21:12-14 The city’s massive high wall (21:12) signifies the identity of its inhabitants. First, the names of the twelve tribes of Israel’s sons [are] inscribed on the gates (21:12), signifying that believers from Old Testament Israel will be present within it. Second, the city wall is pictured with twelve foundations and the twelve names of the twelve apostles of the Lamb are written on the foundations (21:14). This signifies the presence of believers from the church, which was established in the New Testament era. Old and new covenant followers of the Lord will dwell together in the new creation.
21:15-17 The angel measures the city, its gates, and its wall (21:15) to reveal that the city is a cube of 12,000 stadia in length, width, and height (21:16). A stadia is approximately 600 feet, which means each dimension of the city is approximately 1,400 miles—about half the distance from New York to Los Angeles. The most mind-blowing aspect of these dimensions is the height. It’s a multi-storied city that extends up—and this is just the capital of God’s new creation! The wall encasing this city will be 144 cubits, about 72 yards, thick.
21:18-21 The wall will be made of jasper, an opaque gemstone. The city itself will be pure gold (21:18). The foundations of the city wall are to be adorned with every kind of jewel (21:19). The list of them in 21:19-20 defies comment. Each of the twelve gates will be a single pearl, and the main street of the city will be pure gold (21:21). This is where we draw the idea that there are streets of gold in our eternal home—not of tar, not of cement, but of gold!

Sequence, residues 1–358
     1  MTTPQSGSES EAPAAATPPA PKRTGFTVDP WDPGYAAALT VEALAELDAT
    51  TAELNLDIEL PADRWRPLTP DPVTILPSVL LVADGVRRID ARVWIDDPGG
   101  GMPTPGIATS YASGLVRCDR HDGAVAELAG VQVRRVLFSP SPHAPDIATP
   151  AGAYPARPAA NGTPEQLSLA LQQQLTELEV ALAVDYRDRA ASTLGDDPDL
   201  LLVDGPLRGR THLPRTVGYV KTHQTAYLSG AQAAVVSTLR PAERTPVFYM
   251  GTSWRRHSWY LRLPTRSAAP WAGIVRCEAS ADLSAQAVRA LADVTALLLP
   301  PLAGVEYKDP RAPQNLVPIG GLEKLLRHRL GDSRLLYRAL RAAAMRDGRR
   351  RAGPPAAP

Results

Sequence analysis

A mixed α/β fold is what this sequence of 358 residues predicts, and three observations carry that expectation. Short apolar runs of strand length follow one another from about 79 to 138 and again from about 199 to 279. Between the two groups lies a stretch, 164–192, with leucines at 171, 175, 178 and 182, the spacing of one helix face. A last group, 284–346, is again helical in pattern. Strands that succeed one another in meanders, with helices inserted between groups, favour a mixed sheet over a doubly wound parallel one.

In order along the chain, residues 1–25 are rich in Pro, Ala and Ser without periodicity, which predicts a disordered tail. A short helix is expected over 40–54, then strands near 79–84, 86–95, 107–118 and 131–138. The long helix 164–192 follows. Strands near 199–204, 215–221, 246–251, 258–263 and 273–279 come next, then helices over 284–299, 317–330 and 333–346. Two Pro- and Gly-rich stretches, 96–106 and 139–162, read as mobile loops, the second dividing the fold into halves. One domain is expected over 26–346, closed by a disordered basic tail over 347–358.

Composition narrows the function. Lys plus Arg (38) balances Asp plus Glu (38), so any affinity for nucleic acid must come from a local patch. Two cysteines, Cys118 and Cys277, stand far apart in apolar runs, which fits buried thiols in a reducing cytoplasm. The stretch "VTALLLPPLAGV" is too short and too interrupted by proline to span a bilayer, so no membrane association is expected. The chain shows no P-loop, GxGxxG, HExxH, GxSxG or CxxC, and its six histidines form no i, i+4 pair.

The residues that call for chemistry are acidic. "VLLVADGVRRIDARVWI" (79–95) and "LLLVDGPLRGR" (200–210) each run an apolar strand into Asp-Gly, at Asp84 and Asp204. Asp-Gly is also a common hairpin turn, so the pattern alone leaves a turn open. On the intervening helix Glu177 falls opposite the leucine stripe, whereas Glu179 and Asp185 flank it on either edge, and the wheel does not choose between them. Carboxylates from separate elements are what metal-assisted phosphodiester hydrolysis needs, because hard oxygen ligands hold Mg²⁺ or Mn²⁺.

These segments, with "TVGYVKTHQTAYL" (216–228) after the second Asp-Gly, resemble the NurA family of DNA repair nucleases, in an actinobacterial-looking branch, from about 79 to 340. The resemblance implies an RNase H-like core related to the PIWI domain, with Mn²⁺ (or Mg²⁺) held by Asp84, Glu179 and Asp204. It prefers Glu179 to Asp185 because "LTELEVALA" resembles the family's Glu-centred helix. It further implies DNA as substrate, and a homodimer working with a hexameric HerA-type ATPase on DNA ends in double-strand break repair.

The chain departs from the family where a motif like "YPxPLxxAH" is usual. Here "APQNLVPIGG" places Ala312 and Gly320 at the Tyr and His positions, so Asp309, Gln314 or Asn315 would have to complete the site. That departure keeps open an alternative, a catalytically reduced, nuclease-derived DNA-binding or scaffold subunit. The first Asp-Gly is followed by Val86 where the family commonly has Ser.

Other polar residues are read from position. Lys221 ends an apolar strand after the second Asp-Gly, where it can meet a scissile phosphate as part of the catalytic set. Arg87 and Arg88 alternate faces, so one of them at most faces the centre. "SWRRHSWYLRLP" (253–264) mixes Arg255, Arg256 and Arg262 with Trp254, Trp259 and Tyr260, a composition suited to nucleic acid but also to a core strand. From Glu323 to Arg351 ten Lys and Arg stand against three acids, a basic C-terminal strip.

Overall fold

21:22 There will be a temple in Jerusalem during the tribulation and during the millennium. But there will be no temple in the new Jerusalem because a representation of God’s presence will no longer be necessary. We will have his direct presence.
21:23-26 There will be no sun or moon needed in the city because the glory of God illumines it, and its lamp is the Lamb (21:23). Our sun is ninety-three million miles away, yet its power is sufficient to illumine the earth. God’s presence, though, can replace the sun with ease because the Lord possesses an even greater degree of power and radiance. That it will never be night there suggests believers’ glorified bodies will never get tired and need to sleep.
Moreover, we won’t get bored. On the new earth, there will be nations and kings (21:24) functioning in a national context and bringing their glory and honor into the city (21:26). Everyone will come to the new Jerusalem as a highlight of their lives on the new earth. And why not, given its splendor?
21:27 While the invitation to dwell in this city is universal, the requirements to enter are specific: Nothing unclean will ever enter it, nor anyone who does what is detestable or false, but only those written in the Lamb’s book of life, who have received Jesus as their Savior by faith.